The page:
Beyond what appears to be an obsession with how young Governor Palin is and how old she was at different points in Reagan's political career, Rollins then drags out the "quitter" meme which he improperly addressed earlier in his piece when he implied that Governor Palin resigned to make money writing books and giving speeches rather than because it was best for the state of Alaska and also subsequently allowed her to be a strong voice for conservative ideals and candidates as Nicole brilliantly addressed earlier this week.
Rollins also tries to suggest, like so many others, that Governor Palin just can't hang with the boys:
You can be a contender for the Republican nomination in 2012, but you're a long way from being the nominee. You're going to have to beat some very formidable candidates with way more experience and far superior knowledge on issues foreign and domestic. And to rate your chances today, I would put them at "possible" but not "probable." It's an all-uphill battle.Who are these "formidable candidates"? The man whose health care plan is bankrupting his state and served as a blue print for Obamacare? The man who raised taxes on his state and pardoned a cop killer? The man who has a misguided, flip flopping view of climate change? The man who would be supportive of a value added tax? The man who resigned due to small losses in the House and who has loads of personal baggage? Additionally, Rollins seems to imply that Governor Palin feels entitled to the GOP nomination. Completely false. She has not yet declared she is running and has always welcome competitive primaries. She's never presumed anything. S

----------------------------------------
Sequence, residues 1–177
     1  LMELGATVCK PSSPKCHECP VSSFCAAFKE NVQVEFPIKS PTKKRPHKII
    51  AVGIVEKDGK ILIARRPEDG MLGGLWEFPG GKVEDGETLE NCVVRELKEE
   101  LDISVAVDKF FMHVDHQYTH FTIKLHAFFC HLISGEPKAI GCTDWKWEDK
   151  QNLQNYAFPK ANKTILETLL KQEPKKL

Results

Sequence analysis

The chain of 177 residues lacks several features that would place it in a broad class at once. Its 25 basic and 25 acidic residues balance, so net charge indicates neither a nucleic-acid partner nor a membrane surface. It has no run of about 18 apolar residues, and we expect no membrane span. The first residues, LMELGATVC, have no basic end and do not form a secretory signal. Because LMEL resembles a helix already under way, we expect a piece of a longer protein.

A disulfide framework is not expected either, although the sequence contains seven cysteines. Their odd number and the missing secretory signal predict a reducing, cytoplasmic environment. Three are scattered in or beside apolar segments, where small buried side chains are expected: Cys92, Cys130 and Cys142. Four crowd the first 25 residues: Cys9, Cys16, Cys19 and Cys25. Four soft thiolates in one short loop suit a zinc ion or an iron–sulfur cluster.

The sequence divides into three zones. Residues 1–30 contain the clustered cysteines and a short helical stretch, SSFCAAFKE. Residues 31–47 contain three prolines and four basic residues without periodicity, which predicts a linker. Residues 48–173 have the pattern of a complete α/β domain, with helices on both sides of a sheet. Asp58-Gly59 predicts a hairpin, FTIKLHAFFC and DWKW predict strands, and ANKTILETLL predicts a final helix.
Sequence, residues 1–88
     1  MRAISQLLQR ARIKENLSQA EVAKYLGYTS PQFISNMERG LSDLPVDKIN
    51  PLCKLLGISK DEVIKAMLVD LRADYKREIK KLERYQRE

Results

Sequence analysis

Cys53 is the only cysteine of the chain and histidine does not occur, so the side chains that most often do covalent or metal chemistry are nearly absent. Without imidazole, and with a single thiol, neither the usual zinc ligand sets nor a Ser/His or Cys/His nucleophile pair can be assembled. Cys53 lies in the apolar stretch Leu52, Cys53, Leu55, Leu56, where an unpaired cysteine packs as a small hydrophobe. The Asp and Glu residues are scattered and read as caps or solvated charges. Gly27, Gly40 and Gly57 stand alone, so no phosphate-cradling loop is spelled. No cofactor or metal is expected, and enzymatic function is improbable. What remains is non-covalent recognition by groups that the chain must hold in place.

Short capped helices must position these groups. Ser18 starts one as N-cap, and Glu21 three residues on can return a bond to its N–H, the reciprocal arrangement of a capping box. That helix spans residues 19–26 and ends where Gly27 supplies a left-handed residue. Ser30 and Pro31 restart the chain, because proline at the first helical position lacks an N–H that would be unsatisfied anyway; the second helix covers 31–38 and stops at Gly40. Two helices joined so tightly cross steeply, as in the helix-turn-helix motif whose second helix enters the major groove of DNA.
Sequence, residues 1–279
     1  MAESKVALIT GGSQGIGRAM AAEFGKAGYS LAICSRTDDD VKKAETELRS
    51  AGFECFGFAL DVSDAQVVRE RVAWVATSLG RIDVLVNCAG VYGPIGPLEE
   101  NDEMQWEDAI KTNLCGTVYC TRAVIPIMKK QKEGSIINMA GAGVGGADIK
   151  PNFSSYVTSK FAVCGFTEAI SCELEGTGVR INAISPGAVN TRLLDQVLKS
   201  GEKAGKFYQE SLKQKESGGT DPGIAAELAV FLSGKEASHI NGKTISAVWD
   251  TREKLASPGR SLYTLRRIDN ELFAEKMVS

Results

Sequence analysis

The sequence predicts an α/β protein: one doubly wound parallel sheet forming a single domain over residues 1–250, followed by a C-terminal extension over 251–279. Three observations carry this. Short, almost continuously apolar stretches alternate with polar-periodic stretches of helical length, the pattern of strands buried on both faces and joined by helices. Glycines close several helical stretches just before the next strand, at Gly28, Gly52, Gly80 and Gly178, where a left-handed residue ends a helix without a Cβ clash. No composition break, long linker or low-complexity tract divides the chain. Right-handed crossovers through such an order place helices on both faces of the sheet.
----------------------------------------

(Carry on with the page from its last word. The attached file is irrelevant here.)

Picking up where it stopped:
Rollins then discusses how Reagan wrote many of the speeches that he delivered. This is something that Governor Palin has done also, including, as the recent New York Times magazine piece reports, writing her entire recent speech on quantitative easing. This leads into the next piece of advice that Rollins trumpets from his condescending high horse:
Ms. Palin, serious stuff needs to be accomplished in Washington.Rollins says that Governor Palin needs to learn the issues, huh? Perhaps addressing the potentially pending Obama tax increases, wikileaks, quantitative easing, foreign policy (including defense spending, the war on terror, Afghanistan, relationships with our adversaries and allies), and Obamacare, just to name a few, fits the bill, Mr. Rollins? He advises for Governor Palin to put smart people around her. Governor Palin has done this if you take a look at the people who advise Governor Palin and are part of her staff, as the NYT magazine piece highlighted. Additionally, Governor Palin has shared that if elected President, she would surround herself with intelligent people, as she did as Governor. She shared in a recent interview with Jedediah Bila (emphasis mine):